Doctor Who #823: Children of Earth Day Two

"If I can't kill you, I can contain you."
TECHNICAL SPECS: First aired Jul.7 2009.

IN THIS ONE... The team escapes Cardiff, Lois and Rhys are drafted, and Jack is sprung from his concrete prison.

REVIEW: Things get more and more desperate and the status quo is well out of the window. The Hub is a hole in the ground (I like that no one knows where Jack's "Lazarus" abilities come from, and think the Hub might have something to do with it; it had to go), Jack is reduced to a few body parts in a plastic bag, and the government is coming after Gwen, Ianto and their loved ones. Children of Earth continues to be about family, so each of the team's are drafted into service - Rhys, Ianto's sister and brother-in-law, and eventually, Jack's secret family. And though these are common folk, the production finds things for them to do, based on their personalities and skill sets. Ianto and his sister share that secret code children who grew up together have. His brother-in-law is just the kind of rowdy loudmouth needed to cause a distraction. And Rhys might as well have been recruited in the team, though not as a tag-along. His trucking skills come in handy in a number of ways, makes a fair undertaker when it's time to infiltrate a government compound, and provides some comic relief in this otherwise intense, serious story. Or at least, his stomach does.

The other recruit is Lois Habiba, who betrays her boss Frobisher to help Torchwood. She's more a Ianto than a Toshiko, but Gwen sees a lot of potential in her. I'd have liked to see what they could have done with the character as a full agent down the line, but alas, this will be her only story. Right now, she's a little wet, but definitely one of the good guys. With her help, they get to Jack, though their plan actually fails.  Ianto, also converging on that location, saves the day with his own truck-driving skills (he's always been versatile) picking the regenerated Jack up without removing him from his concrete block. Structurally, and this is because of the each-episode-a-day conceit, you'd think Jack being encased in cement would be the episode's cliffhanger. It's certainly a shocking POW! moment. But with 15 minutes to go, the climax is the exciting escape. Not a complaint, but it always feels strange to me. The cliffhanger becomes a list of questions about the 456 no one can answer, so on a foreboding, spooky note that makes us forget they've basically stolen a page from Contact.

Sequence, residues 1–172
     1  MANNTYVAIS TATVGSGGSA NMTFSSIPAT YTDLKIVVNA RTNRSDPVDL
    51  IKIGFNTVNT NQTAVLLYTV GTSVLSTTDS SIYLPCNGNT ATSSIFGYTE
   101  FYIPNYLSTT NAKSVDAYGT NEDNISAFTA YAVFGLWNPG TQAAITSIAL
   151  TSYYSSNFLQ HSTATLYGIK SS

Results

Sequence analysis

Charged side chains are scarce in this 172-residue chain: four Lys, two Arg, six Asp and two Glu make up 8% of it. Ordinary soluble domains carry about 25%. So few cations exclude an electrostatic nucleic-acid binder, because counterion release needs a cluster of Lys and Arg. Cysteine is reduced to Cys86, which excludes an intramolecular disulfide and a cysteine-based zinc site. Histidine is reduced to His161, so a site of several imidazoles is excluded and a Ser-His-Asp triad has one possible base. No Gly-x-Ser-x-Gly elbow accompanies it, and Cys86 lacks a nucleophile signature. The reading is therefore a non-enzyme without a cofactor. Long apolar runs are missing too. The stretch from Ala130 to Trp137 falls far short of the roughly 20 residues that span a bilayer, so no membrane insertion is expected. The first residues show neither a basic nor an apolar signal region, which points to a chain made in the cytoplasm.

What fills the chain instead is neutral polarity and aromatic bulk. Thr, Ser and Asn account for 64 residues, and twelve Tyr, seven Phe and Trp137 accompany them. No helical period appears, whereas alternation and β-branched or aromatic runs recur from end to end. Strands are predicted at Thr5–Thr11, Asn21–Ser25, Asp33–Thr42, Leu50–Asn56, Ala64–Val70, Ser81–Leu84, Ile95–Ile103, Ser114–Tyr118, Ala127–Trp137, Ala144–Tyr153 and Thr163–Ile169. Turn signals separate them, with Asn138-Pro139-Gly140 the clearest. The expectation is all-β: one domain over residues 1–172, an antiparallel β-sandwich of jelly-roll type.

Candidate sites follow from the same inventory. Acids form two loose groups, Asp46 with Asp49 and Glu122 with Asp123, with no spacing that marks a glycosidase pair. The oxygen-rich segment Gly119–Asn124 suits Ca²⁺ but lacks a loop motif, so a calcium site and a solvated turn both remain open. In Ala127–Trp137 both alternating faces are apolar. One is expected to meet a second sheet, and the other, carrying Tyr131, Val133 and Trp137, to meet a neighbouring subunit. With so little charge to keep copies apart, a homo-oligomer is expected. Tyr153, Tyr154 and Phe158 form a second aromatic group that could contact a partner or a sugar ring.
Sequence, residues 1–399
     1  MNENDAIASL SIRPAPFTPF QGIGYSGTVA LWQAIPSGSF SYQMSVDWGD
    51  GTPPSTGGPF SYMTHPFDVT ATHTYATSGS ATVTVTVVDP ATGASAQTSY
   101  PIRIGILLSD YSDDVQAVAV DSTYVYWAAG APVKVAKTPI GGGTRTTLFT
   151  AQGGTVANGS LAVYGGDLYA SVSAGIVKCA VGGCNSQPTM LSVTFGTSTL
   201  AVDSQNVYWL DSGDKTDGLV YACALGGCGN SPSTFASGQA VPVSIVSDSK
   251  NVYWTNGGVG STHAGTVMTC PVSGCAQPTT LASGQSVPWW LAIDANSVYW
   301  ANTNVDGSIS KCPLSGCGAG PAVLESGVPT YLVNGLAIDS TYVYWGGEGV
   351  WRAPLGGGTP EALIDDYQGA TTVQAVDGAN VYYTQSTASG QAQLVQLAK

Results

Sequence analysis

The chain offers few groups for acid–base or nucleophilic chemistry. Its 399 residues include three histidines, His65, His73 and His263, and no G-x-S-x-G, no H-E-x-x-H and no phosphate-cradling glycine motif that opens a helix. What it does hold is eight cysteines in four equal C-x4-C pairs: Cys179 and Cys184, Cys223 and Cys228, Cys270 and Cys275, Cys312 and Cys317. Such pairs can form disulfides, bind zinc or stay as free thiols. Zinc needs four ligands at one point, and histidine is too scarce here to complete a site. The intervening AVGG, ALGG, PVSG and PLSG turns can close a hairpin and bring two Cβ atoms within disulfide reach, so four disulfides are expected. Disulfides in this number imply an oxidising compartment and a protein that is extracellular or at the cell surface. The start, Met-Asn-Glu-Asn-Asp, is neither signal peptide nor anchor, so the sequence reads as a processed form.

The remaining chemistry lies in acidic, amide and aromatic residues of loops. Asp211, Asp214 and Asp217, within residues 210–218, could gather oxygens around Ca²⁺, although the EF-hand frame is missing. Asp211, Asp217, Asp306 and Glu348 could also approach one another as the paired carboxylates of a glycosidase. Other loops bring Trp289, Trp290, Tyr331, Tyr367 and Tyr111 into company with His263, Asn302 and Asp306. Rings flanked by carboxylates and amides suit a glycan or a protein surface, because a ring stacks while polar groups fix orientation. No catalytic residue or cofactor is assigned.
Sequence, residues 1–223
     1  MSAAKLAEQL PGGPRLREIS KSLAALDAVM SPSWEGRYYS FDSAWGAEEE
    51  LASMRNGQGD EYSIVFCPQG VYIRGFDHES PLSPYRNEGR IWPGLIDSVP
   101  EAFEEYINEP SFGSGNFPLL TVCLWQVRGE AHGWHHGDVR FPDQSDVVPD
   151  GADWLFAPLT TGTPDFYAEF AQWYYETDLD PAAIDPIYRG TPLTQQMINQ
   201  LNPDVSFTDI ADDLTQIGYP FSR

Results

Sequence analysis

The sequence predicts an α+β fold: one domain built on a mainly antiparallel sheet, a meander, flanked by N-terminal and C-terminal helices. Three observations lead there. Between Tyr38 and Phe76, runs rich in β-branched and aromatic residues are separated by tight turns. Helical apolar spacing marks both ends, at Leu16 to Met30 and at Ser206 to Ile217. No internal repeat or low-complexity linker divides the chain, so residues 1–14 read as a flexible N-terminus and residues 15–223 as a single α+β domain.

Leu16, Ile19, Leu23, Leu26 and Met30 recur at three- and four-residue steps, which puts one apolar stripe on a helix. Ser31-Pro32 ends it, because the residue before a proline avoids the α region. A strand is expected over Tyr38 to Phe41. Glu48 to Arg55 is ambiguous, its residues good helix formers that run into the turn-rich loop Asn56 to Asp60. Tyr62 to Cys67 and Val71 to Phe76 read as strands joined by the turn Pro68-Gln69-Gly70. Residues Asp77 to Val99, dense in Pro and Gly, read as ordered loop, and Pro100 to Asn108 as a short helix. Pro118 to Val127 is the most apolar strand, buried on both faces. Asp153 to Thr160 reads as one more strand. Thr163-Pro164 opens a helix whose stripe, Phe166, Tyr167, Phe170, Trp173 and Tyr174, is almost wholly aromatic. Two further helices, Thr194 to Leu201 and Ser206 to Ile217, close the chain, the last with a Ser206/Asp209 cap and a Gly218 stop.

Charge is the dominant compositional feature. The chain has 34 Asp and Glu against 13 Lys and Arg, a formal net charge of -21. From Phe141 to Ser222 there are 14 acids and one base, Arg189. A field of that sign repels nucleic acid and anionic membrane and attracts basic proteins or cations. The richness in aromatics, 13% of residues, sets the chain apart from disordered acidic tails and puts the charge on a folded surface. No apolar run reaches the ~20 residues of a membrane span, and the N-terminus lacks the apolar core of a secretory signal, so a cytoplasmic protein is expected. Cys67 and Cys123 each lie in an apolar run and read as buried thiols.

One of the things I admire about Children of Earth is the texture. It's well plotted and filled with action, but the real discoveries are the human moments peppered throughout. No one is a cipher. The loud brother-in-law is the one to tell his wife that no matter what Ianto may have done, family trumps it. His sister still defending their dad in the middle of all this. The soldier at the gates has an awkward moment when he thinks the undertakers are there for someone he knows. That Corporal flirts with Gwen before realizing she and Rhys are a couple. Frobisher's girls find the whole alien antenna thing amusing, much to his distress. Creepy scientist Dekker seems more amused (or bemused?) by the whole 456 affair, speaking to a measure of amorality. The PM frankly tells Frobisher that he's put him on the front line, where he is meant to fall first. PC Andy makes a welcome appearance too. Of course, there's also a big character moment in there, Gwen telling Rhys she's pregnant, and that's very well played, with as few words as possible... atop crates of potatoes. A great moment among many.

- This one keeps on giving. Gripping stuff.



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